Edwards, however, became interested in issues surrounding the homeless at home with her mother, Sharry Edwards, who is a co-chair for the city’s Homeless Mothers and Children Initiative and longtime advocate for the homeless in Federal Way. Ruby Edwards said she would hear her mother talk about the problems and challenges in the community and wish someone would do something about that.

“Then I realized that I was someone, and I could be the one doing something about it,” Edwards said.

When the three of them connected in leadership class, they decided more people needed to become educated on homelessness, and specifically how Decatur students are affected, and set about creating a homeless awareness committee. They then discovered a need at their own school.

“From doing that research, we realized our school didn’t even have a food pantry,” Edwards said.

They then set about fixing that problem.

“So just the whole idea [of creating a food pantry at the high school] really, really appealed to us and was the best thing to start with,” Edwards said.

Opening a food pantry at Decatur High School involves more than deciding the school should have one, however. First, the students had to determine if there was space for one at the high school; figure out where it could go; form partnerships to make sure it would be available to students during the day time; and create awareness and raise money for the project.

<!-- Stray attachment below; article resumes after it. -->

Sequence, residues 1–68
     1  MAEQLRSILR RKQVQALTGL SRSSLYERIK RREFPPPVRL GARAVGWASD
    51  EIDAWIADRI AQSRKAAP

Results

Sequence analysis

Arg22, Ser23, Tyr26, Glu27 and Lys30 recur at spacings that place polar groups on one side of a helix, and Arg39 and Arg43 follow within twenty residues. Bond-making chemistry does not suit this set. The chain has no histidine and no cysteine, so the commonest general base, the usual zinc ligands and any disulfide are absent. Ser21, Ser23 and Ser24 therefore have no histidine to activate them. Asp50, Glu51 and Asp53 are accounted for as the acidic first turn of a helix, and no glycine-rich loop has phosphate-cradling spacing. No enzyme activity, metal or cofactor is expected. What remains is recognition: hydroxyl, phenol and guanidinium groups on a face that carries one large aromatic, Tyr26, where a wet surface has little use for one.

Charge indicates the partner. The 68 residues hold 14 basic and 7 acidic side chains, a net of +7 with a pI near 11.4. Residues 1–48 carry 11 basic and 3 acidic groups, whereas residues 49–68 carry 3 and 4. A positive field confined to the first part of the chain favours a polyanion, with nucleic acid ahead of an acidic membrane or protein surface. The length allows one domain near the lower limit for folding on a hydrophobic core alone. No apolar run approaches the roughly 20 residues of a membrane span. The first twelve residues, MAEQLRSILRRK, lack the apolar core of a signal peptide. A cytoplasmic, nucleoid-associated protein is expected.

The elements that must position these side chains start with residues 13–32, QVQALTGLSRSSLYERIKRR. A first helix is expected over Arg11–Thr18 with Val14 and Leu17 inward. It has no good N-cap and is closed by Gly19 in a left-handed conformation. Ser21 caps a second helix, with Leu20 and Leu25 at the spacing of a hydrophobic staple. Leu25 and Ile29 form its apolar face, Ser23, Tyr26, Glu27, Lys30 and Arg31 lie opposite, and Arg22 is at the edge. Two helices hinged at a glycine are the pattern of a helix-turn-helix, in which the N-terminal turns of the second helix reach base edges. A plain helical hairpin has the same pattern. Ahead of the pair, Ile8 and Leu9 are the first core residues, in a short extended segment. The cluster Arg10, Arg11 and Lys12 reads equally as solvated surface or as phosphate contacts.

Edwards said the group also spoke to people with whom her mother works regarding homeless issues and got their insight and suggestions for the proposed pantry.

They also spoke to representatives at other Federal Way high schools to learn about their food pantries. They then used all this information to determine what to include in Decatur’s pantry to best meet students’ needs.

Early on, they decided the bank should include more than just food.

They want students to be able to get food, clothing and basic necessities, such as for hygiene, in the private location. They also want it to be a place where visitors can get information on services available to them.

Another component is educating the rest of the student body to encourage ongoing item and monetary donations, as well as raise awareness about homelessness in general.

“So, one thing that we think that’s very important is not only getting people the help if it’s needed, but also letting people who don’t need it know how big of an issue this is,” Turner said.

Edwards, Greene and Turner have already hosted one bingo night to raise awareness, money and donations for their budding project, and they intend to have more in the future. Currently, they have plenty of hygiene items, but need to more food.

They also have a location picked out, in the Communities in Schools office, that will suit their needs once it is cleaned out and stocked after winter break is over.

The biggest challenge, however, is making sure the food pantry is sustainable after their involvement in leadership ends.

“I don’t want it to be just another thing that Decatur does,” Edwards said. “I want it to become a thing that is part of Decatur’s culture.”